Gazette Article by: Joan Evanich and Elizabeth Carlson
Appeared in the Gazette: Summer 2004
400 Seasons of Beautiful Parks: Park District Celebrates Centennial
Concerned with public image, the citizens of 1904 were dissatisfied with the first impression of our Village. Passengers disembarking from the train at the Elm Street station were greeted with the sight of debris and discarded buggies from the local livery stable. Then, just as today, a group of concerned citizens organized to solve the problem. A syndicate was formed that collected $8,548.30 and purchased the land now known as Station Park. What began as a Village beautification project has yielded 400 seasons of beautiful parks carefully overseen by the Winnetka Park District, an institution that cares for 28 park sites on more than 244 acres of land.
Once the winter snows have melted and the first leaves of spring appear, Winnetkans are ready to play. The Park District has maintained baseball, golf and tennis facilities on public land since its earliest days. Plans for the Skokie Playfield were created in 1913 with the Village’s first two official baseball diamonds constructed there in 1915. Golf in Winnetka has very early origins. In 1918, a nine-hole course designed by William Langford was opened. It was later redesigned by Chick Evans in 1930. William Langford returned to the Winnetka Park District in 1959 to lay out the Par 3 course, which opened in 1961. Many generations of golfers have honed their skills on the local links. A few Winnetka golfers have even made the national news. In 1957, Michael Connley made two holes-in-one in the same match but still lost the game. For this feat he was invited to appear on television in New York on “I’ve Got a Secret.” Although outdoor tennis courts were first constructed on the Village Green in 1915, it was in 1961 when Winnetka tennis really bounced in. In Winnetka, the word “tennis” is synonymous with the name “Nielsen.” The Nielsen family donated the original tennis building and has continued to support its renovations and expansions ever since. It is also largely through their efforts that the Women’s Indoor Tennis, Windy City Classic and other major tennis tournaments have been held here since 1965.
The beach has always meant summer fun in Winnetka, especially in the days before air conditioning. One hundred years ago, most of our beachfront property was privately owned; in fact, even Tower Road Beach was not officially purchased until 1946. Although privately owned, eastern Tower Road (then North Avenue) was the only entrance to the beach and the owner graciously permitted public use. To ensure future public beach access, the Park Commissioners began acquiring lakefront property. For $120 per front foot they were able to purchase what is now Maple Street Beach in 1910. By 1913, a beach house was built and public swimming was officially opened, with shuttles carrying overheated bathers to the cool waters of Lake Michigan. With great foresight the commissioners continued to buy available land. Elder Lane Beach was added in 1958, Lloyd Park in 1961, and Centennial Park in 1968. Evidently, even dogs like to run in the sand and surf, so in 1995 a dog beach was opened. Today nearly 800 passes are bought every year for both people and dogs.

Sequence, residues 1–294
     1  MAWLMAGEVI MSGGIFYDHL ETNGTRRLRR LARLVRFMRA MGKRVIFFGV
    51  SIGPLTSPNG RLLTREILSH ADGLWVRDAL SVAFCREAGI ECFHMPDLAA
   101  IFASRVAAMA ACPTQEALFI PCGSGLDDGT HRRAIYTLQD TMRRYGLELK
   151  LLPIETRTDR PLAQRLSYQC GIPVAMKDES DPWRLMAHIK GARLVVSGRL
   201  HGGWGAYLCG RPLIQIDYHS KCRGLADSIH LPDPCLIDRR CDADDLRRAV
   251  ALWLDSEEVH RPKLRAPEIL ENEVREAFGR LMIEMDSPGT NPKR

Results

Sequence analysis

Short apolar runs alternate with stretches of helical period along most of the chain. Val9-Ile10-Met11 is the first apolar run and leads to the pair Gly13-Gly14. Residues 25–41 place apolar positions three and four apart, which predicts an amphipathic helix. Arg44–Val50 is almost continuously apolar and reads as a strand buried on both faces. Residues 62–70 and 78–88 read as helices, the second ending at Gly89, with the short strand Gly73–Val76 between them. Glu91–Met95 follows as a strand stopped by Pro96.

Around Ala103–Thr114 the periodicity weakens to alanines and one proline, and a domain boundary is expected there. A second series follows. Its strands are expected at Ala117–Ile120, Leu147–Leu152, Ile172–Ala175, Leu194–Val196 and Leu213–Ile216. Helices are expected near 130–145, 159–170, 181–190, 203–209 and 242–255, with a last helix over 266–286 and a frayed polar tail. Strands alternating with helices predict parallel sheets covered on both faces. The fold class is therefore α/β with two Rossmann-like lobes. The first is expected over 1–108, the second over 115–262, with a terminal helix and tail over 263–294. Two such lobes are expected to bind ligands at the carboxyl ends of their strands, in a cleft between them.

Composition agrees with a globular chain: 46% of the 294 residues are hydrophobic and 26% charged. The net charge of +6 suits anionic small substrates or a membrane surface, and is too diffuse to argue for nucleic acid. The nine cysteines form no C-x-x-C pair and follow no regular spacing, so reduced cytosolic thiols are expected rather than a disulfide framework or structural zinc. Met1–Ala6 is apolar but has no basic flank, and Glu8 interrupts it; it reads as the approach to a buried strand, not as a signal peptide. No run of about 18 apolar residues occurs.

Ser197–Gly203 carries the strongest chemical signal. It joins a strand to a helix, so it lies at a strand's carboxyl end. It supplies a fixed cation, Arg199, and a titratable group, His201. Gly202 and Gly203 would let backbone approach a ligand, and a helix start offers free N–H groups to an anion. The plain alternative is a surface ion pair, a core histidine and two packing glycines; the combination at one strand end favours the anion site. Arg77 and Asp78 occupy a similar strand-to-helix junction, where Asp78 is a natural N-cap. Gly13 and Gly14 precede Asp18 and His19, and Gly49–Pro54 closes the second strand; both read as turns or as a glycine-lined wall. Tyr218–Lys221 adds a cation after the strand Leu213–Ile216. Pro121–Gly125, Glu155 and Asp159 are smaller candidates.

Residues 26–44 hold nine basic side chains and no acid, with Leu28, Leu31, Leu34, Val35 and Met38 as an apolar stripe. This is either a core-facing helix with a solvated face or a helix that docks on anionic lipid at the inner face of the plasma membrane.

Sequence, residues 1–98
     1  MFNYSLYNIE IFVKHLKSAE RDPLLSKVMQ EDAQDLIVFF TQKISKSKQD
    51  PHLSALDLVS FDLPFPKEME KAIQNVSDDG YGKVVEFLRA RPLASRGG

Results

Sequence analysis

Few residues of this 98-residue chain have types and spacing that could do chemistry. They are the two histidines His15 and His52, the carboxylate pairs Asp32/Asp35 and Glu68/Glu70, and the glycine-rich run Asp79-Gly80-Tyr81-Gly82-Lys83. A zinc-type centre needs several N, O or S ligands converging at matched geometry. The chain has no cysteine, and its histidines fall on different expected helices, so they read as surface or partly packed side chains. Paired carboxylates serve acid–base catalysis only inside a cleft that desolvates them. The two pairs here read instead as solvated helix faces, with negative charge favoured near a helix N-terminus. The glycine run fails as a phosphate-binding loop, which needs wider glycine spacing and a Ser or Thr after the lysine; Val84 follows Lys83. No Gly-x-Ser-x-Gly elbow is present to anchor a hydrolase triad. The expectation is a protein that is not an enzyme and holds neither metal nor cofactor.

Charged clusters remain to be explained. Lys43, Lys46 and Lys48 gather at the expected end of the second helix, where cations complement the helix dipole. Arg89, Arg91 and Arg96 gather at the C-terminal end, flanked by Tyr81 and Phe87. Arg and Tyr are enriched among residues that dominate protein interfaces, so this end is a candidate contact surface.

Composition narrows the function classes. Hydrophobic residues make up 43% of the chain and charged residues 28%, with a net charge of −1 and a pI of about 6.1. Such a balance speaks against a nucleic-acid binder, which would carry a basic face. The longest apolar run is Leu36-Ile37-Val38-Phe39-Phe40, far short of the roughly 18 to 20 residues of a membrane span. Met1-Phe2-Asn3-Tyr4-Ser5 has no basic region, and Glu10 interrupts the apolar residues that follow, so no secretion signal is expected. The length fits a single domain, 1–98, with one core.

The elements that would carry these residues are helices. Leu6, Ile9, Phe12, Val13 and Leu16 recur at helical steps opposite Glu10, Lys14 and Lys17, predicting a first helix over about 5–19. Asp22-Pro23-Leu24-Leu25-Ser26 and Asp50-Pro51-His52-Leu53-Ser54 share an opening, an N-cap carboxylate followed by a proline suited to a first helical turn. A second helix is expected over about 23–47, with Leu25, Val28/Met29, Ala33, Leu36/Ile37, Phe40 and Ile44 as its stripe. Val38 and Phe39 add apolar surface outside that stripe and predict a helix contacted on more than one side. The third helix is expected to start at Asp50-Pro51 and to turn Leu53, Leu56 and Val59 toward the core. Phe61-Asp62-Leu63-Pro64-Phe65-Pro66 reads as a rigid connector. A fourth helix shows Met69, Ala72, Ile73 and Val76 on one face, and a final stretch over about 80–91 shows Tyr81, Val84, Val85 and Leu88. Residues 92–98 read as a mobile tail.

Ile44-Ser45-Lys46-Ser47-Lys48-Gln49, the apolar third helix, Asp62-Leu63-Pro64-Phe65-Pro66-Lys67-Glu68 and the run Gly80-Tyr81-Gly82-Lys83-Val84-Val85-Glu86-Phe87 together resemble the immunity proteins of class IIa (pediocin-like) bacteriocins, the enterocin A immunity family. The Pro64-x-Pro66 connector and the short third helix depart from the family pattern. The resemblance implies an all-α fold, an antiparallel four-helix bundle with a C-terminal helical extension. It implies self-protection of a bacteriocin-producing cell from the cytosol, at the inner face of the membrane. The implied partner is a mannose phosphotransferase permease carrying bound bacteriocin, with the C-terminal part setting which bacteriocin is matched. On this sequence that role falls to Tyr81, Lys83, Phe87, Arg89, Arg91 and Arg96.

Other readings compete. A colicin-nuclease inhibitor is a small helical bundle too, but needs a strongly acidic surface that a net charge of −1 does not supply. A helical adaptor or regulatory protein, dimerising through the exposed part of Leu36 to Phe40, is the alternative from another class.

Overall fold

As autumn approaches and the leaves turn various shades of red and gold, a walk through Winnetka’s parks are a joy to many. In addition to all the sports, recreation and events for which the Park District is responsible, it is also the caretaker of the community’s natural resources. Forward-thinking Village trustees began early to set aside open lands, placing them under the protection of the Park District. The Park Board has worked vigorously to raise money and buy lands that were threatened with over-development. More than 200 acres of open parklands are currently maintained and preserved for future generations.
Winter would be long and dreary without the many Park District programs. One of the very first organized Park District activities was the construction of an outdoor ice rink in 1907. Additions and improvements have continued ever since. The Winter Carnival, begun in 1929, drew 3,000 spectators its first year and continued to be popular for decades. The indoor Winnetka Ice Arena was built in 1972. One of the proudest days in Winnetka sports history came in 1998 when local athlete Sarah Tueting won an Olympic Gold Medal as the goaltender for the U.S. Women’s Hockey team. Tueting has inspired a whole new generation of skaters who now figure skate, race and play hockey on Winnetka ice. Winnetka’s love affair with ice is not limited to skating, however. The Coasting Hill and Toboggan Run, both constructed in 1950, draw winter revelers from Winnetka and surrounding communities.
The Park District has held special events in all seasons including Easter Egg hunts, Holiday Sing Alongs, Memorial Day events and the once popular Ex-lawnmower Races. Many of these events have become family traditions for Winnetkans and enhance the quality of life and community spirit in the village.
Happy birthday, Winnetka Park District, and thank you for 100 years of beautiful parks.